Organization gets denied

A prospective student organization was denied endorsement by the Student Government Association last Wednesday, and is up for appeal today.

The National Society for Leadership and Success was presented before SGA executives and was denied endorsement.

SGA Assembly will now listen to the NSLS’s presentation, and will vote to pass it or not.

If the NSLS is approved in the SGA assembly, Irene Stevens, dean of student life, and PuLSE Office Director Caroline Huck-Watson will then review it.

Brian Hannon, the president of the NSLS if it is approved, understands SGA’s initial hesitation but says the organization will help Butler students.

“I think the group was initially rejected by the SGA board because they were worried the fees required to start the organization are too much and too corporate-based,” Hannon said in an email “It is their responsibility to protect the student body from getting scammed, so I understand their viewpoint.”

“The networking possibilities, nationally-recognized speakers and community service events all would be a huge benefit to this campus,” Hannon said.

SGA President Mike Keller said that when the NSLS presented, there were specific parts of the group’s constitution that caused concern.

The financial aspect of the constitution stated that an $85 admission fee to the group was required for each new student.

Of that $85, only $5 went back to Butler University, and $80 went to the national headquarters of the group.

Keller also said that a 3.0 GPA was required to be eligible for the group, which he said did not seem high enough to be considered an honors group, especially here at Butler.

“We really didn’t feel comfortable saying this was a good organization for the students because it would take away money from other groups that are more beneficial,” Keller said.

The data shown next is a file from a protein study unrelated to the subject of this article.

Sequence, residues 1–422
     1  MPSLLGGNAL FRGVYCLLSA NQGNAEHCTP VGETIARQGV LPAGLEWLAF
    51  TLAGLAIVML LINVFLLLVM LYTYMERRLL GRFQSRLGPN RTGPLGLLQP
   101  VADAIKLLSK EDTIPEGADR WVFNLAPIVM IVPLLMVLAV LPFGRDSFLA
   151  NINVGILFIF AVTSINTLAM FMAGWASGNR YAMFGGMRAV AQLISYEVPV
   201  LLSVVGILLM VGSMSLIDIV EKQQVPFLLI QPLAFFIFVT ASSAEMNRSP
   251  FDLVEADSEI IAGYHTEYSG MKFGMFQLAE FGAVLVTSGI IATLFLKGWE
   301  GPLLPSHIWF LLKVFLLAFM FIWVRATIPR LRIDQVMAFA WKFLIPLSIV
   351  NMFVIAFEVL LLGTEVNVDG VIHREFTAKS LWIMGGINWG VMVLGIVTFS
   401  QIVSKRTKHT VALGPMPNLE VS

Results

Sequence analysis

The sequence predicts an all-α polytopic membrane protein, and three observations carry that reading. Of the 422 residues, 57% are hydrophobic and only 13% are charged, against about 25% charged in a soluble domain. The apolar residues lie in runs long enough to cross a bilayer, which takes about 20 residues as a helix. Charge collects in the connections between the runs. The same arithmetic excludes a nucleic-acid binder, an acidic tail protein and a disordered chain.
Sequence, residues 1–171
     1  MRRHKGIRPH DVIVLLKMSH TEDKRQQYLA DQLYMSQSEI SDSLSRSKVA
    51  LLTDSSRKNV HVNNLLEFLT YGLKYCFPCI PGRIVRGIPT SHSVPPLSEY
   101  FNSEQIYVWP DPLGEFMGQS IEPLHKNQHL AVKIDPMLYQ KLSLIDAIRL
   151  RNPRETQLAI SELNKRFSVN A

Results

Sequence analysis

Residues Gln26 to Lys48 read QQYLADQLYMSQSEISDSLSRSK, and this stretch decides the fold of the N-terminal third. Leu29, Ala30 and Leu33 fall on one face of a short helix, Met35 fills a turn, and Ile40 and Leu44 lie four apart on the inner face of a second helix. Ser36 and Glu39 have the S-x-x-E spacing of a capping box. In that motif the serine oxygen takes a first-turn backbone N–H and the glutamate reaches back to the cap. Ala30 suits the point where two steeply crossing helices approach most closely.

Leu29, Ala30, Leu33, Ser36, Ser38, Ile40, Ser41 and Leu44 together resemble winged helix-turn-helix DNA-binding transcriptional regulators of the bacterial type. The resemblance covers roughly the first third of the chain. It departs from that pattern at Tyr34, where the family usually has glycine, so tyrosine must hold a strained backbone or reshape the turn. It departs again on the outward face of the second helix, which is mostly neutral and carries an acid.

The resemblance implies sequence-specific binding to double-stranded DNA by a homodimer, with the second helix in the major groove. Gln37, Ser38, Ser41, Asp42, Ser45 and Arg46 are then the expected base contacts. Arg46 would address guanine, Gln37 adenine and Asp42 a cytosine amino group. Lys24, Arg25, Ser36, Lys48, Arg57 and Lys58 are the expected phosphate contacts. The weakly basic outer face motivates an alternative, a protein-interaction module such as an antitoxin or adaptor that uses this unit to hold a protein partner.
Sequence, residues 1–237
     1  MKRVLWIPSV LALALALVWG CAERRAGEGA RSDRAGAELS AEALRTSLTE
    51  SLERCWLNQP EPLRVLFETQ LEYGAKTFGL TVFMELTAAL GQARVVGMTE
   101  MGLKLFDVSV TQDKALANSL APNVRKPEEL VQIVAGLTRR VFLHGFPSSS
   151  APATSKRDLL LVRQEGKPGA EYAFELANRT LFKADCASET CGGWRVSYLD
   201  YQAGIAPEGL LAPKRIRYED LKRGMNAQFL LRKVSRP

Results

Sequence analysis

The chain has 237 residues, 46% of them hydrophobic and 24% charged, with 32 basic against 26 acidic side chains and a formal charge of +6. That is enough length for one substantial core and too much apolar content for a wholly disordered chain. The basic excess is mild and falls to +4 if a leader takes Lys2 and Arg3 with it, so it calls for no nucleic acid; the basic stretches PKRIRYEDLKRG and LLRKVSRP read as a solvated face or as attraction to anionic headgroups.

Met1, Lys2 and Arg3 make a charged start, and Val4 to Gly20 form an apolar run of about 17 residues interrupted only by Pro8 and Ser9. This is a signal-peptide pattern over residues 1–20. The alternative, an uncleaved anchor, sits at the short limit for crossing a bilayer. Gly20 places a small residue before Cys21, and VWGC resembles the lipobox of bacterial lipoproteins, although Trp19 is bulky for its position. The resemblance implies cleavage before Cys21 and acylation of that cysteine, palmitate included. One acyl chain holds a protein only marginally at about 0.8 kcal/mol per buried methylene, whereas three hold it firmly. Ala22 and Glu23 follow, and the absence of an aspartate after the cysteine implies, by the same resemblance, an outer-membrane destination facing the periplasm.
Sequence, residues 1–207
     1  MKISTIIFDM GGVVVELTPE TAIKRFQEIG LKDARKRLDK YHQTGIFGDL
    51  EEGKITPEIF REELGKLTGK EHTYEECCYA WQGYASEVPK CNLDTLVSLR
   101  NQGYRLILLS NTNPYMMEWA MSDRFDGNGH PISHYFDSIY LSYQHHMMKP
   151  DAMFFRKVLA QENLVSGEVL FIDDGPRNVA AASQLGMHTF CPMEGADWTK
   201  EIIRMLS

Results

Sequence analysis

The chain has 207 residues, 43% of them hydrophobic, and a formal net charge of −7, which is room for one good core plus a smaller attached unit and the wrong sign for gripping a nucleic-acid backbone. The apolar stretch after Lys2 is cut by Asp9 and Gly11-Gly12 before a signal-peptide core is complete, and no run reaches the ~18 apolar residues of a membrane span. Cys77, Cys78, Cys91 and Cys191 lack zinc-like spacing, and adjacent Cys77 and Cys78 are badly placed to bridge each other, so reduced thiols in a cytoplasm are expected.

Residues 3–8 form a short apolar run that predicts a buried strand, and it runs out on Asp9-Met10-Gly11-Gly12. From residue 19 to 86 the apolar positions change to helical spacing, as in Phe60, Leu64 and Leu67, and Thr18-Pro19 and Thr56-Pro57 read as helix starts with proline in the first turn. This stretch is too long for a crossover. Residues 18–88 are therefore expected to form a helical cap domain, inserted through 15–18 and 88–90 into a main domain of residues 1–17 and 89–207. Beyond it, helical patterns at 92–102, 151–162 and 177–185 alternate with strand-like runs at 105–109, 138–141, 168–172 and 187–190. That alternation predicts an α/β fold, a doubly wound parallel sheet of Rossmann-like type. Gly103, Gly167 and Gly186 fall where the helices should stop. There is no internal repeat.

Marielle Slagel, SGA vice president of operations, said the whole presentation made the SGA executives question if this group could really benefit Butler.

“We are looking out for students and the campus community and are skeptical of the membership fee as well as the benefits that students would receive from the National Society of Leadership and Success,” Slagel said.

Even though Stevens has not seen the group this year, she said that the same group attempted to start a chapter here at Butler in the past.

Two years ago the NSLS made a presentation to Huck-Watson, and she raised her initial concerns to Stevens.

Huck-Watson researched the group online and told Stevens that it is a “for-profit” group, in which the NSLS had to raise thousands of dollars a year just to support its own programs.

The online website for the NSLS boasts 221,000 members yet its membership benefits said there is $100,000 available in scholarships. So if each member were to receive benefits. each individual would only receive $0.45.

“There are better ways to go for a leadership group than to pay a lot of money to a for-profit organization, in my opinion,” Stevens said.

The NSLS will present to SGA Assembly this afternoon.


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